The Needs of Medicines Initiative (DNDi) and WHO launched the Global Partnership on Antibiotic Research and Development, a non-profit development research organization hosted by the DNDi Initiative, to Facing this problem. The Partnership’s mission is to design new antibiotic treatments and promote their use to keep them effective for as long as possible, while ensuring access to all those who need them. One of the Partnership’s main priorities is to develop new antibiotic treatments for gonorrhea.
“In order to respond to the urgent need for new treatments for gonorrhea, we must immediately seize the opportunities offered by existing drugs and drug candidates. In the short term we want to accelerate the development and introduction of at least one of these candidate drugs, and we will consider developing therapeutic combinations for public health use, “said Dr. Manica Balasegaram, Director Of the GARDP. “New treatments must be accessible to all who need them and must be used appropriately so that drug resistance is minimized as much as possible,” she added.
Prevention of gonorrhea
Gonorrhea can be prevented by adopting safer sexual behaviors, in particular the correct and regular use of condoms. Information, education and communication can promote safer sexual practices, enable people to better recognize the symptoms of gonorrhea and other sexually transmitted infections, and increase the likelihood that they will be treated.
Today, lack of knowledge of the general public, lack of training of health workers and the stigmatization of people with sexually transmitted infections remain obstacles to a wider and more effective use of these interventions.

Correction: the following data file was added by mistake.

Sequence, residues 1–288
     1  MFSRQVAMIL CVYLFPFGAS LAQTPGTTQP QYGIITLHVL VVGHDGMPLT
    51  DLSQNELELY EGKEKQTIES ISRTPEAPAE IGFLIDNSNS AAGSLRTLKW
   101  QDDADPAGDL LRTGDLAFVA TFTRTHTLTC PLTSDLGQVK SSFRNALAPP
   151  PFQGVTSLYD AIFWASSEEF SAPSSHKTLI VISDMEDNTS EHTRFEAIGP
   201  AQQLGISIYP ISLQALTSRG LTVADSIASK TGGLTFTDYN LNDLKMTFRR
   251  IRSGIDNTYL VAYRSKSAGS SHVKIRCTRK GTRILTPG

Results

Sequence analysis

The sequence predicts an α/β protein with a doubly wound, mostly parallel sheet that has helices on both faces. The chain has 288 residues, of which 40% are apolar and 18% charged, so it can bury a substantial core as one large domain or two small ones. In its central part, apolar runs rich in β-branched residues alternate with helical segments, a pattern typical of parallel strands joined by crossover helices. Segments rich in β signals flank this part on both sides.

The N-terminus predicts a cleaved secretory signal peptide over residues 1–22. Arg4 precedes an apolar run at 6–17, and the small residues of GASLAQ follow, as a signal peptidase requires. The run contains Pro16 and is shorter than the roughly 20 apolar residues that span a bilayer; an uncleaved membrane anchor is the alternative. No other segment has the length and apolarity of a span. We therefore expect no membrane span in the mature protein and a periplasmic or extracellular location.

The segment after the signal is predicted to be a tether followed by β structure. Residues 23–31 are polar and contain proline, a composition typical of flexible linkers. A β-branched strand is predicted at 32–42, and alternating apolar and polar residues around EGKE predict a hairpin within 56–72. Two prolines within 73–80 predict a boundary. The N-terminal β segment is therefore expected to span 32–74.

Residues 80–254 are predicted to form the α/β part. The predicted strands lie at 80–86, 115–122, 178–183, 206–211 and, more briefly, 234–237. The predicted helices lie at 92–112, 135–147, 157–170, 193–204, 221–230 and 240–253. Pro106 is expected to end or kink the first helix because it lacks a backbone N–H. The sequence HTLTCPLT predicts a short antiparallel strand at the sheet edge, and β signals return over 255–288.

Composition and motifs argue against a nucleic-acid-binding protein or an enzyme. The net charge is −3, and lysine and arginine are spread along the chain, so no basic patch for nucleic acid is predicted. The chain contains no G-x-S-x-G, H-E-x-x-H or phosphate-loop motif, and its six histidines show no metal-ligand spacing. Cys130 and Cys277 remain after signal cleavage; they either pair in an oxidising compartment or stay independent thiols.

For gonorrhea, there is no rapid diagnostic test, feasible at the place of care and affordable. Many people have no symptoms and therefore receive no treatment because the diagnosis is not made. On the other hand, when patients have symptoms, such as urethral or vaginal discharge, doctors often assume that they are gonorrhea and prescribe antibiotics – even if the patient sometimes suffers from another Type of infection. The inappropriate use of antibiotics makes the occurrence of resistance more frequent, for gonorrhea as for other bacterial diseases.
“To fight gonorrhea, we need new tools and systems to improve prevention, early diagnosis and more comprehensive follow-up and reporting of new cases, use of antibiotics , Resistance and therapeutic failures, “said Dr Marc Sprenger, Director of the WHO Antimicrobial Resistance Department. “In this case, we need new antibiotics and rapid, accurate diagnostic tests at the place of care – ideally, tests that predict which antibiotics will be effective against this infection. In the longer term, we need a vaccine to prevent gonorrhea, “he added* 35.2 million in the WHO Western Pacific Region; 11.4 million in the South-East Asia Region; 11.4 million in the African Region; 11.0 million in the Region of the Americas; 4.7 million in the European Region and 4.5 million in the Eastern Mediterranean Region.